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Sen. Lindsey Graham: “Cap and trade is dead”

February 28, 2010

South Carolina Senator Lindsey Graham was quoted Saturday as saying “cap and trade is dead” in a Washington Post story about the climate change bill he and Sens. John Kerry and Joe Lieberman are planning to introduce in the coming weeks.

Three key senators are engaged in a radical behind-the-scenes overhaul of climate legislation, preparing to jettison the broad “cap-and-trade” approach that has defined the legislative debate for close to a decade.

The sharp change of direction demonstrates the extent to which the cap-and-trade strategy — allowing facilities to buy and sell pollution credits in order to meet a national limit on greenhouse gas emissions — has become political poison. In a private meeting with several environmental leaders on Wednesday, according to participants, Sen. Lindsey O. Graham (R-S.C.), declared, “Cap-and-trade is dead.”

In recent weeks, President Obama has held press events on clean coal and nuclear energy.  His State of the Union address also referenced the need for off shore oil and gas exploration.    Last week, the President spoke about climate to the Business Roundtable.

But to truly transition to a clean energy economy, I’ve also said that we need to put a price on carbon pollution.  Many businesses have embraced this approach — including some who are represented here today.  Still, I am sympathetic to those companies that face significant potential transition costs, and I want to work with this organization and others like this to help with those costs and to get our policies right.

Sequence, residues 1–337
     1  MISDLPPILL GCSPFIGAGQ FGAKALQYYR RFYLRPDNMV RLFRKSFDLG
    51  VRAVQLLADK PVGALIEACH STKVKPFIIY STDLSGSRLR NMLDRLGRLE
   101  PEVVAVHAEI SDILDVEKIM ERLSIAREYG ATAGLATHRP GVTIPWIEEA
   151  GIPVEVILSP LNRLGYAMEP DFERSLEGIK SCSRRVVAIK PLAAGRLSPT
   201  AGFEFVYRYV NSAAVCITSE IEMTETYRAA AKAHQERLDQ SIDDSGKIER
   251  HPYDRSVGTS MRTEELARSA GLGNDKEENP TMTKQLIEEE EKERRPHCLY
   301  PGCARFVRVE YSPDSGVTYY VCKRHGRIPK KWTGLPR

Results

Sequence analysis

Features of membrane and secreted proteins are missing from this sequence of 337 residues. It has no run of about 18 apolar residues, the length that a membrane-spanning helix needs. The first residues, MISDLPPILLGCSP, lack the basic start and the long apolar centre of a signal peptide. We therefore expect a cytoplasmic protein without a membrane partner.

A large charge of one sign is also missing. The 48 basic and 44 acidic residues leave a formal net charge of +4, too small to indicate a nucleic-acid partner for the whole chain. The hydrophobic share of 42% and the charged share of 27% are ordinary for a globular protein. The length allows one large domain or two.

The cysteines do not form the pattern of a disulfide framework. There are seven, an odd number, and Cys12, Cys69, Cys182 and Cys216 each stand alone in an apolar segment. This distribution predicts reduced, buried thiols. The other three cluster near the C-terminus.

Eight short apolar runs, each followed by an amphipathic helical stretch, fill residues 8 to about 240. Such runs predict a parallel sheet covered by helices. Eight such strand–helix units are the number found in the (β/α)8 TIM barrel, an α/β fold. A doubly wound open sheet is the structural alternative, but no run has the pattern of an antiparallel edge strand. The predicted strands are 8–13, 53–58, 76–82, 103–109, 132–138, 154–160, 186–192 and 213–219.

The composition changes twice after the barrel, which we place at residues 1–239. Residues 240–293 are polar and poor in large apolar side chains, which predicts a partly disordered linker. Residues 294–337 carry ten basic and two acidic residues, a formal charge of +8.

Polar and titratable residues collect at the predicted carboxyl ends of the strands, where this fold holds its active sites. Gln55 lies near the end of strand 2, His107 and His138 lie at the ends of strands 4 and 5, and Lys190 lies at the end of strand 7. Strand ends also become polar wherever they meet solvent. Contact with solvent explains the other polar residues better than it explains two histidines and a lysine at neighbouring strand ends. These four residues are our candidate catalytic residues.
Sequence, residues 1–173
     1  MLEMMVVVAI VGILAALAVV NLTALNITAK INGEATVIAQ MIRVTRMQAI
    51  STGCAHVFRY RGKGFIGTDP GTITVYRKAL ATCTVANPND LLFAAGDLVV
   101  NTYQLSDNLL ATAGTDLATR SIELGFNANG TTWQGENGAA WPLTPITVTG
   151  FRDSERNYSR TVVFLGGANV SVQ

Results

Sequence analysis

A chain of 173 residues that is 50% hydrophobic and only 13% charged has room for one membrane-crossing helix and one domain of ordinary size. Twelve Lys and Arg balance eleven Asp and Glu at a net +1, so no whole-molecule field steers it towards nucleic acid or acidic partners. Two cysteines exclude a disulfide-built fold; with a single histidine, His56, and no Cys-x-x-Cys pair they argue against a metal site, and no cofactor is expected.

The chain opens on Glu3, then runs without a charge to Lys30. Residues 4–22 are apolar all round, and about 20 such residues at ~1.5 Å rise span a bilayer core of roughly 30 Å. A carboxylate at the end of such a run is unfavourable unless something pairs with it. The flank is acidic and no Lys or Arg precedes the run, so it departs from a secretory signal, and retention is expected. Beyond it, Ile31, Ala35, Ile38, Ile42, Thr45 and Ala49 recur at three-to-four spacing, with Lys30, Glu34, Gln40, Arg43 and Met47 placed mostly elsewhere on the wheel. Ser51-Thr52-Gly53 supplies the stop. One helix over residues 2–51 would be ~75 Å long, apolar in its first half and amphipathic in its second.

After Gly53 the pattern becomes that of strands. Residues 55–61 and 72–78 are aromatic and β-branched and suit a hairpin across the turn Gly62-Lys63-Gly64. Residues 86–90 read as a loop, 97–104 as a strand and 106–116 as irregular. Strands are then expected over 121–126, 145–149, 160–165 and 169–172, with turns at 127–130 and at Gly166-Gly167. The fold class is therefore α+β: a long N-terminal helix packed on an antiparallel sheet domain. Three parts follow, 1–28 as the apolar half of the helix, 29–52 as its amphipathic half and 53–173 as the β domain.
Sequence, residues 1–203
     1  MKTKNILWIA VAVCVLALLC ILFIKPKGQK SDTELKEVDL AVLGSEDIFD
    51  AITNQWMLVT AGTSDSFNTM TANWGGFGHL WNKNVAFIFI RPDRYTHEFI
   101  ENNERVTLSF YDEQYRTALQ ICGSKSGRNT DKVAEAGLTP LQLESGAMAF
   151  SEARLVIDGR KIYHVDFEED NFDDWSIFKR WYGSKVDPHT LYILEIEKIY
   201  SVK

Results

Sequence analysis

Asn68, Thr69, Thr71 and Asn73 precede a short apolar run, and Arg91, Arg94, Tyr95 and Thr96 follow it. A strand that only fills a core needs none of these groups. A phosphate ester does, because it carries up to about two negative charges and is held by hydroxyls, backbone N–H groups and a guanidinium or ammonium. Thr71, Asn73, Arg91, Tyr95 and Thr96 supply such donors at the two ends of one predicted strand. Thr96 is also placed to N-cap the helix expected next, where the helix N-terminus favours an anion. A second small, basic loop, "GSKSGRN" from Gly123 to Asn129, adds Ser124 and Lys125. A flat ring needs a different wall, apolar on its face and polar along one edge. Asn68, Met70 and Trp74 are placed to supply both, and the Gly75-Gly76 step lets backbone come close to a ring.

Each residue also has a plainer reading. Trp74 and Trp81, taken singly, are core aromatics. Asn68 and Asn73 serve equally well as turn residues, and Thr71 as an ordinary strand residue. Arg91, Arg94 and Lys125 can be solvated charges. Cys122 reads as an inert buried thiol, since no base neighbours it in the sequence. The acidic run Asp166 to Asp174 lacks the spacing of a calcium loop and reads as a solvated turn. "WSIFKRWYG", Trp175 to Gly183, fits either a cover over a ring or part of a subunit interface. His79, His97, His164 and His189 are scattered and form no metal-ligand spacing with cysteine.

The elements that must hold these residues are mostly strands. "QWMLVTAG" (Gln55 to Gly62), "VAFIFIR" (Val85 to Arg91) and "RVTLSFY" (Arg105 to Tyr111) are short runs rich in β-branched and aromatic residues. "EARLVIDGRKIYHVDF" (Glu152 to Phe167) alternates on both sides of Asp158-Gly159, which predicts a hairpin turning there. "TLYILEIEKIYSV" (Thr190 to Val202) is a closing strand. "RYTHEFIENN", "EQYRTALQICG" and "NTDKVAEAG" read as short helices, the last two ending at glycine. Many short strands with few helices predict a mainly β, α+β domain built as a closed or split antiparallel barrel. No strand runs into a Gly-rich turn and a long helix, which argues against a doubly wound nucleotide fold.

In response to relentless international media attention that has chipped away at the credibility of climate science, the Commerce Department announced NOAA would become the National Weather Service equivalent of U.S. climate forecasts and information.  

Meanwhile, Kerry, Lieberman, and Graham have been working behind the scenes on what could be a last ditch attempt to bring a climate bill to the Senate floor before the 2010 elections.

According to several sources familiar with the process, the lawmakers are looking at cutting the nation’s greenhouse gas output by targeting, in separate ways, three major sources of emissions: electric utilities, transportation and industry.

Power plants would face an overall cap on emissions that would become more stringent over time; motor fuel may be subject to a carbon tax whose proceeds could help electrify the U.S. transportation sector; and industrial facilities would be exempted from a cap on emissions for several years before it is phased in. The legislation would also expand domestic oil and gas drilling offshore and would provide federal assistance for constructing nuclear power plants and carbon sequestration and storage projects at coal-fired utilities.

This has got to be a tough pill to swallow for the environmental crowd.

Environmental advocates, eager to pass comprehensive climate and energy legislation before the November midterm elections, said the shift in strategy represents the best shot at getting something done this year.

“The Senate is understanding this is not a simple problem — it’s multiple problems, and it requires multiple solutions,” said Carl Pope, executive director of the Sierra Club.

Click here for Illinois Farm Bureau talking points on cap and trade.

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